years, reduced to these two; the rest of the young ones, with their
laughter and their sorrows, all gone. The parents otherwise were
prosperous in outward circumstances; the Father's position more and
more developing itself into affluent security, an agreeable circle of
acquaintance, and a certain real influence, though of a peculiar sort,
according to his gifts for work in this world.

Sterling's Tutor at Trinity College was Julius Hare, now the
distinguished Archdeacon of Lewes:--who soon conceived a great esteem
for him, and continued ever afterwards, in looser or closer
connection, his loved and loving friend. As the Biographical and
Editorial work above alluded to abundantly evinces. Mr. Hare
celebrates the wonderful and beautiful gifts, the sparkling ingenuity,
ready logic, eloquent utterance, and noble generosities and pieties of
his pupil;--records in particular how once, on a sudden alarm of fire
in some neighboring College edifice while his lecture was proceeding,
all hands rushed out to help; how the undergraduates instantly formed
themselves in lines from the fire to the river, and in swift
continuance kept passing buckets as was needful, till the enemy was
visibly fast yielding,--when Mr. Hare, going along the line, was
astonished to find Sterling, at the river-end of it, standing up to
his waist in water, deftly dealing with the buckets as they came and
went. You in the river, Sterling; you with your coughs, and dangerous
tendencies of health!--"Somebody must be in it," answered Sterling;
"why not I, as well as another?" Sterling's friends may remember many
traits of that kind. The swiftest in all things, he was apt to be
found at the head of the column, whithersoever the march might be; if
towards any brunt of danger, there was he surest to be at the head;
and of himself and his peculiar risks or impediments he was negligent
at all times, even to an excessive and plainly unreasonable degree.

Mr. Hare justly refuses him the character of an exact scholar, or
technical proficient at any time in either of the ancient literatures.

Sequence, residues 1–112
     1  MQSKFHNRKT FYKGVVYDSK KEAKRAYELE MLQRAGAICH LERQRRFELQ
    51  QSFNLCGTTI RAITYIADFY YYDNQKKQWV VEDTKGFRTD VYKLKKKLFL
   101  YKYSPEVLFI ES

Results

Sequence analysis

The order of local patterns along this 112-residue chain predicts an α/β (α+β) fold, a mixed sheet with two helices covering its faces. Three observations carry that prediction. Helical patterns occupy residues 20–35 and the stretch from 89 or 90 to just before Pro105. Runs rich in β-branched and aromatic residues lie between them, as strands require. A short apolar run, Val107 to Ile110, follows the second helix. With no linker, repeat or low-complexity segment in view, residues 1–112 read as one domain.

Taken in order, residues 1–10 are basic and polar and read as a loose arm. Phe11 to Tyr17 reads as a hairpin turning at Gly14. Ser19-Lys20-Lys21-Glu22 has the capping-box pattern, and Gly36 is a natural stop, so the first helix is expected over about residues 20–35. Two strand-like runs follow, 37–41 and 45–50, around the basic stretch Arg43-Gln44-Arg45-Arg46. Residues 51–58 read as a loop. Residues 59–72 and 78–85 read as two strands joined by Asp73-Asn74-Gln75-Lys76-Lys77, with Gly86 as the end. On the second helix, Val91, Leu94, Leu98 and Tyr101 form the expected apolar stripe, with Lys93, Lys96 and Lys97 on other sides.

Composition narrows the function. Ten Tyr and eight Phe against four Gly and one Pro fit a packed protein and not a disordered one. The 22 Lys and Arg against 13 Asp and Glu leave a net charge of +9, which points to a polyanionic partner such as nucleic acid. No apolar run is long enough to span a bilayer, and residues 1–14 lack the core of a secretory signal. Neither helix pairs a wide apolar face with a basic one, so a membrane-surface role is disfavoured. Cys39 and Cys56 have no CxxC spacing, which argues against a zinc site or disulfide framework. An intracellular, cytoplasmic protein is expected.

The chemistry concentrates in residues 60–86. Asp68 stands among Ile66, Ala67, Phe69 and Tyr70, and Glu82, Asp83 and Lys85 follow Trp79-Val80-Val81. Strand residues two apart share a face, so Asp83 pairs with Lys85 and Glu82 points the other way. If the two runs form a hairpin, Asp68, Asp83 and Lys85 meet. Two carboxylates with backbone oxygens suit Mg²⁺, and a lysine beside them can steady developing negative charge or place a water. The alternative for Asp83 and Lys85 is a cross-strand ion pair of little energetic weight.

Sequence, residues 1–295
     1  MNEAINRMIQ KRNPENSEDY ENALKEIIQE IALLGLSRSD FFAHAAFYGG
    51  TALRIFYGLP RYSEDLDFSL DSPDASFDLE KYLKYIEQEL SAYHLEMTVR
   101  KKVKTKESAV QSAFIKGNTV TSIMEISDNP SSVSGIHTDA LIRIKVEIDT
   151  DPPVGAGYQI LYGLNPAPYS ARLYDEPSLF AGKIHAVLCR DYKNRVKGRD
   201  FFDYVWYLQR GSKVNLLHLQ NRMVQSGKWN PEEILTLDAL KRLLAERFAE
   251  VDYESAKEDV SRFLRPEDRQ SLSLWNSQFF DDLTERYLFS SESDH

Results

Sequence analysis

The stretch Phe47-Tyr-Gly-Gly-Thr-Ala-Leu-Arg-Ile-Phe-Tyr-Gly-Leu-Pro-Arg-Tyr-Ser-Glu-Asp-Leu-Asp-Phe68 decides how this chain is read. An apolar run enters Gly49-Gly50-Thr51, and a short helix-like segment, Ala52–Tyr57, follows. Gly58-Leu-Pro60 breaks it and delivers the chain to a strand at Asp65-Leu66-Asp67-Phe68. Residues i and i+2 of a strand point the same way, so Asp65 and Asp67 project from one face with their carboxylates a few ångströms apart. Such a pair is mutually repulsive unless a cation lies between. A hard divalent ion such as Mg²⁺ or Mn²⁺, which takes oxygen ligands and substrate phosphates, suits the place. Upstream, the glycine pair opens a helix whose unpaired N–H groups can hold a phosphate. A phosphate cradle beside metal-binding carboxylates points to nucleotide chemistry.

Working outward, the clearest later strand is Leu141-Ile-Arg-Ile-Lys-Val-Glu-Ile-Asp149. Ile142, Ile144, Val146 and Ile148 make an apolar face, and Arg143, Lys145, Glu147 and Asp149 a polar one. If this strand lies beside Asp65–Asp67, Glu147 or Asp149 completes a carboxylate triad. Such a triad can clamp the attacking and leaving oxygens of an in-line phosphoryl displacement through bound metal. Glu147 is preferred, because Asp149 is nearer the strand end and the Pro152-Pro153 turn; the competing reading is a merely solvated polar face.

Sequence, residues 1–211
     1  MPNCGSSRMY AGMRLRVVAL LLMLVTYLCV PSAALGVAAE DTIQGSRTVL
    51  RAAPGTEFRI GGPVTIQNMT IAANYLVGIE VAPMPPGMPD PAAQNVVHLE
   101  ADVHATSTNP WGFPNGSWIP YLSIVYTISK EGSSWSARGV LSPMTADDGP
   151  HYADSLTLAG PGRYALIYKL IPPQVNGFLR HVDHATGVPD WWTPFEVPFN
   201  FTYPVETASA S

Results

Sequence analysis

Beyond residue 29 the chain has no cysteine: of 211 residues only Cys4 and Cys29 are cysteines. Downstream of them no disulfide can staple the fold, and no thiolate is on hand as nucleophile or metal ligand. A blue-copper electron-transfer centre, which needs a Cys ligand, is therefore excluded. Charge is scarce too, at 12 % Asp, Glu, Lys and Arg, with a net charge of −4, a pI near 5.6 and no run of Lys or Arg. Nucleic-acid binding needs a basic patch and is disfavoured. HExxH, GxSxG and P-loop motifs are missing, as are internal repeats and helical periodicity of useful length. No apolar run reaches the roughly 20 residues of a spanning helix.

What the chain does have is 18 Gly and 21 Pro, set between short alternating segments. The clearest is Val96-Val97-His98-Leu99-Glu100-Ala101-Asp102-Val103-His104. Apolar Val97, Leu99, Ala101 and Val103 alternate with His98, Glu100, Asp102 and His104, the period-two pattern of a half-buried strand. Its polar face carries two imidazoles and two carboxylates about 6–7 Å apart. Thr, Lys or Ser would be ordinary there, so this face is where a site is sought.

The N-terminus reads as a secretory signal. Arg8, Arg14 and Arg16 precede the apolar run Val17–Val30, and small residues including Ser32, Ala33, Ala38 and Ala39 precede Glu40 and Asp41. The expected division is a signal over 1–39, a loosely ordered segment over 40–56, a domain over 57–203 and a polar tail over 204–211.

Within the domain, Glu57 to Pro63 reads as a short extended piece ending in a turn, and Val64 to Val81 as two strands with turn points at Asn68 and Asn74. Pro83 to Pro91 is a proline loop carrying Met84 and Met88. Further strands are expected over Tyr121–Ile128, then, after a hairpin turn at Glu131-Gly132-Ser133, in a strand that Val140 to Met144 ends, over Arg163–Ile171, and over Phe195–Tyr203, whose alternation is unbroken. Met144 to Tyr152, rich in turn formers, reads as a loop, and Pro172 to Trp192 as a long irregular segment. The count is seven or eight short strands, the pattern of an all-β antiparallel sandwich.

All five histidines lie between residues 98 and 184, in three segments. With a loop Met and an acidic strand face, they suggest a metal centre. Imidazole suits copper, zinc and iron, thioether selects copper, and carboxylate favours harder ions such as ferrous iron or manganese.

But he freely read in Greek and Latin, as in various modern languages;
and in all fields, in the classical as well, his lively faculty of
recognition and assimilation had given him large booty in proportion
to his labor. One cannot under any circumstances conceive of Sterling
as a steady dictionary philologue, historian, or archaeologist; nor
did he here, nor could he well, attempt that course. At the same
time, Greek and the Greeks being here before him, he could not fail to
gather somewhat from it, to take some hue and shape from it.
Accordingly there is, to a singular extent, especially in his early
writings, a certain tinge of Grecism and Heathen classicality
traceable in him;--Classicality, indeed, which does not satisfy one's
sense as real or truly living, but which glitters with a certain
genial, if perhaps almost meretricious half-_japannish_
splendor,--greatly distinguishable from mere gerund-grinding, and
death in longs and shorts. If Classicality mean the practical
conception, or attempt to conceive, what human life was in the epoch
called classical,--perhaps few or none of Sterling's contemporaries in
that Cambridge establishment carried away more of available
Classicality than even he.

But here, as in his former schools, his studies and inquiries,
diligently prosecuted I believe, were of the most discursive
wide-flowing character; not steadily advancing along beaten roads
towards College honors, but pulsing out with impetuous irregularity
now on this tract, now on that, towards whatever spiritual Delphi
might promise to unfold the mystery of this world, and announce to him
what was, in our new day, the authentic message of the gods. His
speculations, readings, inferences, glances and conclusions were
doubtless sufficiently encyclopedic; his grand tutors the multifarious
set of Books he devoured. And perhaps,--as is the singular case in